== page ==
By: Reid Kress Weisbord & David Horton

As the coronavirus pandemic sweeps through the country, more people may find themselves inurgent need of an estate plan.

But according to one recent survey, 68% of Americansdo not have a will.

We arelaw professorswho teach and research trusts and estates. Werecently studiedsome of the estate planning impacts of the coronavirus and concluded that, in many states, the law is not prepared to address the sudden spike in demand for self-made wills.

Dying without a will

The downsides of dying “intestate” – without a will – arewell documented. Intestacy laws generally distribute property at death tothe surviving spouse or descendants, a plan that is not necessarily suitable for unmarried couples and other nontraditional families.

To avoid intestacy, people may create a will by complying with the requirements of the “Wills Act,” law dating back to anEnglish statute from 1677. A person who creates a will, called a “testator,” must sign the will or acknowledge a previously made signature in front of two witnesses who are present at the same time. Then,the witnesses also must sign the will.

Many states discourage people from writing their own wills by insisting on strict compliance with the Wills Act. For example, courts have refused to enforce documents that the testator apparentlyforgot to sign, instruments signed byone witness instead of twoand documents signed by witnesses who only heard the testator acknowledge his signatureover the telephone.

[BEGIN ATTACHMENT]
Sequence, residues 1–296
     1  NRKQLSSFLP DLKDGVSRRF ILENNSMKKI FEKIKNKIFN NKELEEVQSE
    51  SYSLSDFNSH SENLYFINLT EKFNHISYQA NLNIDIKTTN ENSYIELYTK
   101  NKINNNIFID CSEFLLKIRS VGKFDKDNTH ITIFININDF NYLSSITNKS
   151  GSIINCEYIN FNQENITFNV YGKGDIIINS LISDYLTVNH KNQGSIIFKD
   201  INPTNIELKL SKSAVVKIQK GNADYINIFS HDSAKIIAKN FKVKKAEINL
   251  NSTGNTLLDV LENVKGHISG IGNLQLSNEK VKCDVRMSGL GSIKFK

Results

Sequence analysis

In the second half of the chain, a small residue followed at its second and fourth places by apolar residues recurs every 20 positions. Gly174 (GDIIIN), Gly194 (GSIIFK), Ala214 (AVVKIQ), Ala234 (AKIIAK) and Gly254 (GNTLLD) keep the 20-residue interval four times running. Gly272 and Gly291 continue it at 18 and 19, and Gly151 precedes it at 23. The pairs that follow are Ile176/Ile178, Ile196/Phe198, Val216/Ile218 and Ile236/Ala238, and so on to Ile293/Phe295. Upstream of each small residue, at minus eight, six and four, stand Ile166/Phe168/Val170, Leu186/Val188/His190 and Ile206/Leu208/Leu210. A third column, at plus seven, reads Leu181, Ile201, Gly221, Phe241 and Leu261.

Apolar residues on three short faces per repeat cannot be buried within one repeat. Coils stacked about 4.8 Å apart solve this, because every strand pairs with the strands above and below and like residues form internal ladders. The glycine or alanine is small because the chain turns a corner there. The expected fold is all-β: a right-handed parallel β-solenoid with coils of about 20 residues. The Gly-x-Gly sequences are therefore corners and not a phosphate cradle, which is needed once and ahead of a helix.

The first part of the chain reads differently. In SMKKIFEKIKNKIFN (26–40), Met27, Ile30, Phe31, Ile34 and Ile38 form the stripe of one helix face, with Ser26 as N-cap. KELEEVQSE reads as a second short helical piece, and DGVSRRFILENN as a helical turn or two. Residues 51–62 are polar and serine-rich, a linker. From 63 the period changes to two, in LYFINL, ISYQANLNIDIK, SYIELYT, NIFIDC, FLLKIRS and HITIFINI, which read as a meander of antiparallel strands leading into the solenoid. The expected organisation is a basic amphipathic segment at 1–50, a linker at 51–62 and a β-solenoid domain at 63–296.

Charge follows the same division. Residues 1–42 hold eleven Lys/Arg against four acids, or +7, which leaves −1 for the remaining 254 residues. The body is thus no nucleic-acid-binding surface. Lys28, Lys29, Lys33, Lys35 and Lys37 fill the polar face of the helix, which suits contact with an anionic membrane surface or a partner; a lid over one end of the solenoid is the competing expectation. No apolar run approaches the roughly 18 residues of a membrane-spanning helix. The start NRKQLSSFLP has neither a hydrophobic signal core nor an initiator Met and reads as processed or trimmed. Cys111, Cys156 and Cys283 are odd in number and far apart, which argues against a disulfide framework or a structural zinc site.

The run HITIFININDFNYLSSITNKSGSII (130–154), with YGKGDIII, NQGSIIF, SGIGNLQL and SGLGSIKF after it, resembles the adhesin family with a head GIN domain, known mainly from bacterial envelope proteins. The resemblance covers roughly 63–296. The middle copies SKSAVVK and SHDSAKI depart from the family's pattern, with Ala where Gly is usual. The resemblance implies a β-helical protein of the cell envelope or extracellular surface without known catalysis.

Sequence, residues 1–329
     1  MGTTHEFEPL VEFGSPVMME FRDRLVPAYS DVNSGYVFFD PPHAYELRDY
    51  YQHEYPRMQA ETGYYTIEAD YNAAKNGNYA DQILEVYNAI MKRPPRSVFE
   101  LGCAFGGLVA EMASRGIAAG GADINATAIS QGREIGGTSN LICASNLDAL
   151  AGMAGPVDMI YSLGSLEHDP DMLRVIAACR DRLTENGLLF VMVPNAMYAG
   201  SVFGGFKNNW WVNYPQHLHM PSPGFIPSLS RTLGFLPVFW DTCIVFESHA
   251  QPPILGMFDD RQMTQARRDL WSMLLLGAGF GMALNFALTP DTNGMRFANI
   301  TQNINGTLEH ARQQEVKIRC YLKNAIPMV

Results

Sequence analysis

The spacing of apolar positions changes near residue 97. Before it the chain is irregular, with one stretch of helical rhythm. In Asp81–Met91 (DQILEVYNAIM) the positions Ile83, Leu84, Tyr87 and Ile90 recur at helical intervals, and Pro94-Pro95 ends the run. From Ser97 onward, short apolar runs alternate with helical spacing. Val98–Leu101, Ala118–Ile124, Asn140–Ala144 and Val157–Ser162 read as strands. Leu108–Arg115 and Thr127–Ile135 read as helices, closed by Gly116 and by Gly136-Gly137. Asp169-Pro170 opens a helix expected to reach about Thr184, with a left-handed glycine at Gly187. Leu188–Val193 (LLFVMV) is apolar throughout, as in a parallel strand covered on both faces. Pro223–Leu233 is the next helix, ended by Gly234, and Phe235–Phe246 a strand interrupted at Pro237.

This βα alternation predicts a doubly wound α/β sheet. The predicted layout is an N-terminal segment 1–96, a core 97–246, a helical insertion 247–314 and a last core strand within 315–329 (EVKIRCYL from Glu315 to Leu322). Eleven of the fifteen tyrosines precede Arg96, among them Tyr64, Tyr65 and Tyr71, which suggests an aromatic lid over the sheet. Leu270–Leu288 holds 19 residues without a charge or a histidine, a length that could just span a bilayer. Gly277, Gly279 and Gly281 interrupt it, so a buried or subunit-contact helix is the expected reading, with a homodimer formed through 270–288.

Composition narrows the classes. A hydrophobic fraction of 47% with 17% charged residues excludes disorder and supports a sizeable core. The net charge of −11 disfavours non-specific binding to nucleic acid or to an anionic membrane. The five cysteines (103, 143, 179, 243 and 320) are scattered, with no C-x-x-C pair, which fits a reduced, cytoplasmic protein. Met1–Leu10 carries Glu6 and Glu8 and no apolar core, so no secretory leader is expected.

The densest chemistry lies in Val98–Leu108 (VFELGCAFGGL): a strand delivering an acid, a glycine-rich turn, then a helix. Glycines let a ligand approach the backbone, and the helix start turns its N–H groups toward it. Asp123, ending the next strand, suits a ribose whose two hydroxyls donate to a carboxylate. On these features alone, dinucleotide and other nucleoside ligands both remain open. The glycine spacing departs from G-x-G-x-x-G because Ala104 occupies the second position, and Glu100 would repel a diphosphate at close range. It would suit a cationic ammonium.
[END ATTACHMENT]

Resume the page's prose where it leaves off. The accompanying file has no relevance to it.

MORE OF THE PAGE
Public health crises, like the current pandemic, pose additional obstacles. Stay-at-home orders and social distancing can make it impossible to find two witnesses, especially for people who are living alone.

Judges have historically requiredwitnesses to be physically present for the testator’s signature, so traditional law regards videoconferencing methods as nonstarters.

Wills in the time of coronavirus

Some American jurisdictions, however, have relaxed these formalities.

Abouthalf the states– including California, New Jersey, Pennsylvania, Texas and Virginia – allow testators to make holographic wills without witnesses. Instead, holographs must be entirely in the testator’s handwriting and signed by the testator. However, empirical research shows that handwritten wills aredisputed in court more frequentlythan formal wills drafted by an attorney.

Additionally, 11 states have adopted a reform known asharmless error. This rule allows a judge to enforce a writing that does not comply with the Wills Act if there is strong evidence that the testator intended it to be his or her will.

This safety valve reassures testators who lack access to professional advice that a minor misstep will not doom their estate planning efforts.Empirical evidencesuggests that the rule is not a major source of conflict or litigation.

However, because formal wills remain the only option in about half of the states, lawmakers have responded to the current pandemic by issuingemergency ordersto permit remote witnessing by video communication.

These orders implement ideas from the Uniform Electronic Wills Act, model legislation introduced in 2019 but not yet adopted by any state. One of COVID-19’s lasting legacies might be bringing the law of wills into the 21st century, as states gain experience with electronic wills and ultimately enact permanent laws to permit them after the pandemic.

The Conversation

Reid Kress Weisbord, Professor of Law and Judge Norma Shapiro Scholar, Rutgers University Newark and David Horton, Professor of Law, University of California, Davis

This article is republished from The Conversation under a Creative Commons license. Read the original article.

David M. Higgins II, Publisher/Editor

David M. Higgins was born in Baltimore and grew up in Southern Maryland. He has had a passion for journalism since high school. After spending many years in the Hospitality Industry he began working in...